Public Comments




Sign-On Letter to NYC Racial Justice Commission in Support of Public Land for Public Good

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Dear Racial Justice Commissioners,

New York City’s housing and land use policies have contributed to neighborhood segregation, displacement of BIPOC New Yorkers, racial health disparities, widening wealth inequality, and a host of other inequities. New York City’s charter must be reformed to repair past harms, by giving Black and brown communities meaningful opportunities to own and control land, housing and neighborhood development.

The undersigned 55 community and nonprofit organizations call on the Racial Justice Commission to propose a revision to NYC’s Charter that:

(1) Requires New York City to prioritize resident-controlled community land trusts (CLTs) and local nonprofits when transferring or leasing City-owned land;

(2) Requires any recipient of City-owned land to ensure (i) permanent affordability of the land and (ii) tenant and/or community decision-making power over the use of the land; and

(3) Requires the City to transfer or lease City-owned land for less than fair market value when conveying land to local nonprofit developers and community land trusts.

Since the Giuliani administration, New York City has prioritized for-profit developers when disposing of public land, despite the well-documented failure of this approach to meet our city’s affordable housing needs.1 Between 2014 and 2018, for example, the city awarded 75% of Requests for Proposals (RFPs) to develop public land to for profit developers. In most of these transactions, public land is transferred to private developers for $1.2 Despite these massive subsidies, so-called affordable housing developed on these lots is typically unaffordable to the majority of neighborhood residents. Over the long-term, this approach has fueled market-rate development and the displacement of low-income, Black and brown New Yorkers.3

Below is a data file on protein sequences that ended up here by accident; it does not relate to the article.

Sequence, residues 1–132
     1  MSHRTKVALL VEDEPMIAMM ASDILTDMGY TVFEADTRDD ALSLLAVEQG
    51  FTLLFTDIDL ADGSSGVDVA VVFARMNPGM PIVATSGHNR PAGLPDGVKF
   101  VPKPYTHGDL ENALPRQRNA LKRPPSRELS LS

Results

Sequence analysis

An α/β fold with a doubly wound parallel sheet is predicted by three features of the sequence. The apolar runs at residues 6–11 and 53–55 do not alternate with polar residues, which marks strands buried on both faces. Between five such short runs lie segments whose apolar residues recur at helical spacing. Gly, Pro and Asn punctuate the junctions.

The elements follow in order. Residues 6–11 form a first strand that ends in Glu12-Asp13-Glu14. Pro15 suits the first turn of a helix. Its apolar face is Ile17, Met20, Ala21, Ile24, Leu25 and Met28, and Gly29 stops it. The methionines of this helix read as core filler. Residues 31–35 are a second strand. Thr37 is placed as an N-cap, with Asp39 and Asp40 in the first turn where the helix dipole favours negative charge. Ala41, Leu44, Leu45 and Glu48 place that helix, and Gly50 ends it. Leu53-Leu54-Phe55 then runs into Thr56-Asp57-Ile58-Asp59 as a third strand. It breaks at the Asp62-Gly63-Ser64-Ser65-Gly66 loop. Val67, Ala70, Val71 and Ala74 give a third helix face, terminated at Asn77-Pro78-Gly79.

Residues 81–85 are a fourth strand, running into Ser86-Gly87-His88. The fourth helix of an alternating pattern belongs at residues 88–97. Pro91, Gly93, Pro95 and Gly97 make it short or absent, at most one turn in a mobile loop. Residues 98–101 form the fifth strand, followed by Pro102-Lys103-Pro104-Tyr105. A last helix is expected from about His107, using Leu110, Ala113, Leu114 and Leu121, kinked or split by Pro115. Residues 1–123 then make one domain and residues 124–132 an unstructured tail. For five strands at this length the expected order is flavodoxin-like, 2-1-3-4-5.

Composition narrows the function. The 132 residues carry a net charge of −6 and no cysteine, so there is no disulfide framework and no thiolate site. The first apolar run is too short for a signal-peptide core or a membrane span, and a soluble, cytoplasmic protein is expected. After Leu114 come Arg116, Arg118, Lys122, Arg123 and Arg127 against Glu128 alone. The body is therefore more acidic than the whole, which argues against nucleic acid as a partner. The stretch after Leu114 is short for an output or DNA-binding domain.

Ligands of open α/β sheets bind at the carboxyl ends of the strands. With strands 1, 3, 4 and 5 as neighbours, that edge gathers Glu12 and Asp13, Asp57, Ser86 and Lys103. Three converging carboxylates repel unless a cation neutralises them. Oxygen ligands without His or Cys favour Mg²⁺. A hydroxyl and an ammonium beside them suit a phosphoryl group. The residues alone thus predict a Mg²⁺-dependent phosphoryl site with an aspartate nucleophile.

Nonprofit developers, by contrast, are more likely than for-profits to build deeply affordable housing, take on complex projects, and maintain affordability over the long-term or in perpetuity.4 During Mayor de Blasio’s administration, 35% of units developed by nonprofits that received City contracts were geared towards extremely low-income households, compared to just 18% of units by for-profit developers.5 The City currently owns thousands of vacant and underutilized lots that should be reserved for nonprofits that can best manage deeply- and permanently-affordable housing and other critical community needs, such as gardens, community centers, or space for small businesses.6

The Bedford Armory and the Amazon headquarters are two visible recent examples of public land fights that are waged time and time again in low income Black and brown communities.7 Many of these communities have developed–but are not given the chance to implement–plans for truly affordable housing, living wage jobs, and other amenities on vacant or underutilized public land. These are the same properties that New York City and State not only allow to sit fallow for years, but are willing to turn over to for-profit interests for luxury development, in exchange for little or no permanent community benefit.